Slayer

Repentless

Written by: PP on 08/12/2015 23:36:55

What's there to say about Slayer in 2015 that hasn't been said a thousand times before over the past three decades. At this point it'd be a breaking news type of a shocker announcement if they changed musical style, so the only thing that's actually relevant is to measure the quality of every new Slayer release compared to their past work, older and newer alike. That being said, twelfth studio album "Repentless" marks a number of firsts for Slayer. One, it is the first Slayer album since the death of original guitarist Jeff Hanneman, who passed away in 2013, leaving behind a riff legacy that's unlikely to be broken by any metal guitarist in the foreseeable future. Two, related to the first one, it is also the first album featuring Gary Holt of Exodus fame as his replacement. Three, it is a return of the "Divine Intervention"-era drummer Paul Bostaph, who also performed on the mid-90s Slayer albums", replacing Dave Lombardo who was fired from the band in 2013 following a pay dispute. So how does it compare, then, to the rest of the band's vast back catalogue?

Curiously enough, the months following its release have made "Repentless" arguably the most polarising Slayer release in recent memory, as the internet is evenly split between reviewers and fans who claim it's the band's best work since "God Hates Us All" and others who lump it in the same category as the forgettable "Diabolus In Musica" and other mid 90s material. Both camps are right in their own way. On one hand, "Repentless" features some of the best modern Slayer songs with the title track, "Take Control", "Vices" and "Implode" underlining why Slayer are the kings of thrash metal even as they approach retirement age. Murderously evil riffage shredded at relentless speed and Tom Araya's signature angry yells making it feel like it's the late 80s thrash movement all over again. But the detractors are right in that the songs in the middle of the album are basically Slayer on autopilot: the same, mid-tempo, decent-but-not-particularly-memorable big production thrash metal with which the band survived most of the 90s after "Seasons In The Abyss". What the common consensus is on "Piano Wire", a posthumous contribution by Jeff Hanneman is still undecided as far as I can gather, but critics have certainly suggested a lack of creativity in terms of the riffs due to his absence. I disagree. "Atrocity Vendor", for instance, is a good example of shred-vs-solo as we've come to remember Slayer live shows by, and it even features a classic Araya extended yell in the end that should bring chills to the backs of older Slayer fans.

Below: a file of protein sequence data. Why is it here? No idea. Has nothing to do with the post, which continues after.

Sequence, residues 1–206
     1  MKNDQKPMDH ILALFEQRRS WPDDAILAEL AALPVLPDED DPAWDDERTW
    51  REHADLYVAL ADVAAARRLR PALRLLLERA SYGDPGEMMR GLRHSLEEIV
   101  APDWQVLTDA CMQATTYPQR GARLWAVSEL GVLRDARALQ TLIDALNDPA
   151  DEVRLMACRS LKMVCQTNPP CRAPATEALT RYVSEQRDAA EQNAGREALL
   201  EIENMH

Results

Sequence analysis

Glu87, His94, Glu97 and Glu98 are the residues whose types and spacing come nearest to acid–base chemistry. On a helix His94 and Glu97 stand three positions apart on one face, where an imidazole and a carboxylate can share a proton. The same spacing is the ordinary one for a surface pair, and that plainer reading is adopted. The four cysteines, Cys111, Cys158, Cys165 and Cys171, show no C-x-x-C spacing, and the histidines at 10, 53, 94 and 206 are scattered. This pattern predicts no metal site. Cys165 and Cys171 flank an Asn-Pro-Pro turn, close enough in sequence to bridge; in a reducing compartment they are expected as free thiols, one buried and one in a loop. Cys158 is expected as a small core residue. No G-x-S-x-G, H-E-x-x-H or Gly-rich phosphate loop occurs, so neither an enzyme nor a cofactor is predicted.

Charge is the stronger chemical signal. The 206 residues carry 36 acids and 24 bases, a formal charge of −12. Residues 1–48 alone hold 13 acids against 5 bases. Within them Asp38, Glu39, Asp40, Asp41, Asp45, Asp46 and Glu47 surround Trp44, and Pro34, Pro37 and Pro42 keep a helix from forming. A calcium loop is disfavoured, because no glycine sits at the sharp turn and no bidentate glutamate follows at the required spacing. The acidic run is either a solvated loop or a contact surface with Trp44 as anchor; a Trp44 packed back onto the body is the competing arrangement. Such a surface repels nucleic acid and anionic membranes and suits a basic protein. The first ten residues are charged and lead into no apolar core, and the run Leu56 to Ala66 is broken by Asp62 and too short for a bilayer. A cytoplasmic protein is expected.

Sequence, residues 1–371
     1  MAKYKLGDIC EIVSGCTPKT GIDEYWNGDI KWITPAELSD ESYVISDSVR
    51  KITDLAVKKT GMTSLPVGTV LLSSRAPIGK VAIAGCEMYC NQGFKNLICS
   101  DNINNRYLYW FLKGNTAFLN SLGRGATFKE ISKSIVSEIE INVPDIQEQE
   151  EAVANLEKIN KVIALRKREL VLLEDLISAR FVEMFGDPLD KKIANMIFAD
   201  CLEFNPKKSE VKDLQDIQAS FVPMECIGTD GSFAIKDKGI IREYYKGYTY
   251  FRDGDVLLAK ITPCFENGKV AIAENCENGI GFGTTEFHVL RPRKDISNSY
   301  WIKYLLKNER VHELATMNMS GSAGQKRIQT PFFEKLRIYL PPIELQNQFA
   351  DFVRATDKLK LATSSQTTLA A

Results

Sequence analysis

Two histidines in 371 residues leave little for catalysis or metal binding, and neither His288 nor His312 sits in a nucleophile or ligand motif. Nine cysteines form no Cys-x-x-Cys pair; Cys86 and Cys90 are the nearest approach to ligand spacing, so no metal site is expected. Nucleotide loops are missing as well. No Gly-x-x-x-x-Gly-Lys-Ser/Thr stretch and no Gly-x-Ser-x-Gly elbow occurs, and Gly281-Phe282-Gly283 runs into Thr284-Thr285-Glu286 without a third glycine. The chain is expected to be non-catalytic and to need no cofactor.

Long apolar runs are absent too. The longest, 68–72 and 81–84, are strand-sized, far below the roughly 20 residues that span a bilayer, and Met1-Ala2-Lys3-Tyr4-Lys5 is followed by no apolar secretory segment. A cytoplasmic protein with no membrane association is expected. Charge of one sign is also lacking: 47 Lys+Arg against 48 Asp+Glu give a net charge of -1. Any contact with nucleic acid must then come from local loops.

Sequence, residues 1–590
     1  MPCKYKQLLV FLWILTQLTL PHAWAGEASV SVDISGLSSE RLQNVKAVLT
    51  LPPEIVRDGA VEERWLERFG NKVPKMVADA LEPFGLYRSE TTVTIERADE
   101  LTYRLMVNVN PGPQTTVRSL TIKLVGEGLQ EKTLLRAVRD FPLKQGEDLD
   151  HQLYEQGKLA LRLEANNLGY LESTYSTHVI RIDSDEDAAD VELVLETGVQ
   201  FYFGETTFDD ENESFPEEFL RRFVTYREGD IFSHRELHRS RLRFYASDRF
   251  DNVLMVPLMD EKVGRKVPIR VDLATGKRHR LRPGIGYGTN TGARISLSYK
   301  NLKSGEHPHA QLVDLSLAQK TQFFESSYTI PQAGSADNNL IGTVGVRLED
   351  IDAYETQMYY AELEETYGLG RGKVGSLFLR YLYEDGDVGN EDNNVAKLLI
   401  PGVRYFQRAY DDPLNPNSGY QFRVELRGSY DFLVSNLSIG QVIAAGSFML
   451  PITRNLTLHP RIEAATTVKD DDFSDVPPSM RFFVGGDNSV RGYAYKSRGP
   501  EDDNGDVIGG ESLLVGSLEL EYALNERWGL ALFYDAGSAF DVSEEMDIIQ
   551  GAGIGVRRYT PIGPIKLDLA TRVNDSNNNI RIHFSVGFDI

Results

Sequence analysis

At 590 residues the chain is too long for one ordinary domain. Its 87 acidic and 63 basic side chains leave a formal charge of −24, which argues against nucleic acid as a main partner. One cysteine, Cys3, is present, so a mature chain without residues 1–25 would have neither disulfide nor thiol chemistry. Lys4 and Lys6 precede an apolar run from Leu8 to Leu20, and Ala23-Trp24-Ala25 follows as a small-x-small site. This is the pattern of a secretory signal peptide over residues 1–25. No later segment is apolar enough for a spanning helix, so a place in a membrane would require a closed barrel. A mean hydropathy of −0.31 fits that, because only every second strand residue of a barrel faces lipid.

Now, I'll readily admit the lyrical work is, for the most part, poor. Previous Slayer records, while diabolical in content, have almost always felt almost intellectual in terms of vocabulary and phrasing. "Repentless" does not measure up in this context. Yet it is but a minor gripe because instrumentally, it may be the best Slayer album since "God Hates Us All" and certainly better than their mid 90s material. Either way, it's an essential listen for metal fans in 2015.

8

Download: Repentless, Take Control, Vices, Implode, Atrocity Vendor
For the fans of: Exodus, Kreator, Testament, Death Angel
Listen: Facebook

Release date 11.09.2015
Nuclear Blast

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